High-load strength training for plantar fasciitis
Plantar fasciitis (PF) is a reported as one of the most common injuries and ailments of runners. Often, the treatment plan consists of steroids injections, splinting, massage or stretching.
The authors of this article estimate, however, that even with these approaches up to 40% of patients continue to have symptoms after 2 years.
A new exercise regimen called high-load strength training is proposed, and the objective is to stimulate load in a way that encourages collagen production and speedy recovery of PF.
The exercise programme is simple:
Standing on a step, with the edge of the step being the mid-point of the foot and a rolled up t-shirt (instead of a towel, as the authors note the thickness of a towel is too much for most people) under the toes, the patient raises up on his/ her toes for the count of 5 seconds.
When at full plantarflexion and heel raised above the step, the patient holds for 3 seconds, then slowly eccentrically loads down until the foot is level with the step. This exercise can be done initially with the help of the unaffected leg for balance, in single-leg stance, or bilaterally if the other leg is affected too.
The exercise has to be done once daily for 10 repetitions on weeks 1-4. Following week 4, the patient can increase loading; either by adding a weighted backpack, or by increasing the load with single-leg stance if the exercise was initially done with assistance of the other leg.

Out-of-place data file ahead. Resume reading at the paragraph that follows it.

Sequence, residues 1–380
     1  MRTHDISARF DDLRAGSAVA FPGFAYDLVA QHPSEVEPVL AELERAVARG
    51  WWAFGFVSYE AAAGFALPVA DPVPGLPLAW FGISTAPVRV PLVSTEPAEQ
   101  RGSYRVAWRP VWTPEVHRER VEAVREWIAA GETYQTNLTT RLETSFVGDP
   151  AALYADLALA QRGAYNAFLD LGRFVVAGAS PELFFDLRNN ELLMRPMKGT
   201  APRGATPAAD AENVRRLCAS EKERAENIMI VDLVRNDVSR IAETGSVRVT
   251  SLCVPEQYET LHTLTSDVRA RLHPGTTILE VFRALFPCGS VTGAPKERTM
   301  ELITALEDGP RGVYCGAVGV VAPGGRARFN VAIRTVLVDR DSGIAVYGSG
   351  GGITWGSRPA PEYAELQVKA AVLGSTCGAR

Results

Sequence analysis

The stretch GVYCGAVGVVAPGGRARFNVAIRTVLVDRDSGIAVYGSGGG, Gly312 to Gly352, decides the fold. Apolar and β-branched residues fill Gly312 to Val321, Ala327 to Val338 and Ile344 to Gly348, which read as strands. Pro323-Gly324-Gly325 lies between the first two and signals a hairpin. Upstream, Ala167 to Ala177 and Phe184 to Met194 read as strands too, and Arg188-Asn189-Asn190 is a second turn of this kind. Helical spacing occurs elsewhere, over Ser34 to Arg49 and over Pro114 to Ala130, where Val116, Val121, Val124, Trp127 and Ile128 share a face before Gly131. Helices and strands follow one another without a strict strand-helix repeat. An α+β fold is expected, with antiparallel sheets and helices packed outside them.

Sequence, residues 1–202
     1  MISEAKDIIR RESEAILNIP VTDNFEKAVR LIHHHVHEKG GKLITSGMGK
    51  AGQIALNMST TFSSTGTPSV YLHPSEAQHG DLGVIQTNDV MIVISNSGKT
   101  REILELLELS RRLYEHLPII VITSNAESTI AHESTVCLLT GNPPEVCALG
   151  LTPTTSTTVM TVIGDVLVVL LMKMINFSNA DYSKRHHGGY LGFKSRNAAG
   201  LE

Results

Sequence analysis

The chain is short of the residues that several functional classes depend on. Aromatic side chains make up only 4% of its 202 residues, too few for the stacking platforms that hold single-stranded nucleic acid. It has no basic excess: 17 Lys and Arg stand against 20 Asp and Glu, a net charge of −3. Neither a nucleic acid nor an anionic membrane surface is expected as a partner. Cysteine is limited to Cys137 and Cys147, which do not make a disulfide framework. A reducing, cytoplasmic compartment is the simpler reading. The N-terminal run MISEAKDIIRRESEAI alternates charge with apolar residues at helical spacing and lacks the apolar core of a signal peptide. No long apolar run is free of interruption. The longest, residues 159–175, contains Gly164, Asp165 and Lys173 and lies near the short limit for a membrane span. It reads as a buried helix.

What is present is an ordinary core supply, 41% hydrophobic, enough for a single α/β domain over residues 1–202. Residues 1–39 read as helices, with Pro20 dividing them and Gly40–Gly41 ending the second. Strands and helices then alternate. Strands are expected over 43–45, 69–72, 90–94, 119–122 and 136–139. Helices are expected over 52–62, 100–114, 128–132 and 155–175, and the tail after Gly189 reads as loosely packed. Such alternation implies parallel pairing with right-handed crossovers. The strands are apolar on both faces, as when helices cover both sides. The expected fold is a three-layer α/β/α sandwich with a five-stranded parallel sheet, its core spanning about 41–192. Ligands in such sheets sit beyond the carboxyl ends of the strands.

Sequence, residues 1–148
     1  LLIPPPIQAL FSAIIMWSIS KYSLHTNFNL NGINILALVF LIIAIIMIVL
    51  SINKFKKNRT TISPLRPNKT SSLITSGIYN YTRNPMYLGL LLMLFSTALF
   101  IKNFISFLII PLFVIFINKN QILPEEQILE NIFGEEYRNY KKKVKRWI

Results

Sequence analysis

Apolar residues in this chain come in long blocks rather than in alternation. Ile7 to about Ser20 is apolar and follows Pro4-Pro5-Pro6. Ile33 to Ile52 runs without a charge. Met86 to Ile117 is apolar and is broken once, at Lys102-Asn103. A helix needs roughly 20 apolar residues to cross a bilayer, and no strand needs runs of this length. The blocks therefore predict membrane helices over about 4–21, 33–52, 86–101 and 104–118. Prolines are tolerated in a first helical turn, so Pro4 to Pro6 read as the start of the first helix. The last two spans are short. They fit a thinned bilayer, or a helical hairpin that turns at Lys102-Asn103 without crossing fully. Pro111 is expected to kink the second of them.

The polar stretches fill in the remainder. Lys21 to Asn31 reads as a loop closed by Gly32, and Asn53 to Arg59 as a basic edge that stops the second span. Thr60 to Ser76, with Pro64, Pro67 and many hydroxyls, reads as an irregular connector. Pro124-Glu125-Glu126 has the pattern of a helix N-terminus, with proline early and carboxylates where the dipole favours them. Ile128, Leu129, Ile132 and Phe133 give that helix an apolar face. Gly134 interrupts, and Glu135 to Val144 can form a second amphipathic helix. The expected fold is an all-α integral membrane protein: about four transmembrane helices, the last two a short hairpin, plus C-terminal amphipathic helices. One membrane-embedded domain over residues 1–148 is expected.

While concentric and eccentric loading exercises are often used in tendon injuries, it is less commonly given with the treatment of PF. This article, however, refers to the debate that PF may not be solely and inflammatory disorder, but could instead be a degenerative disorder. The authors note that this could be why more frequent modes of treatment such as steroid injections often do not work.
This article provides an exercise that may be used in the treatment of PF, but, due to the loading and the nature of this exercise this may not be well tolerated in initial stages of PF. Nevertheless, it is worth considering that treatment goals may need to address a wider scope than just mitigating inflammation.
> From: Caratun et al., Can Fam Physician 64 (2018-03-01 06:49:21) 44-46. All rights reserved to the College of Family Physicians of Canada. Click here for the online summary.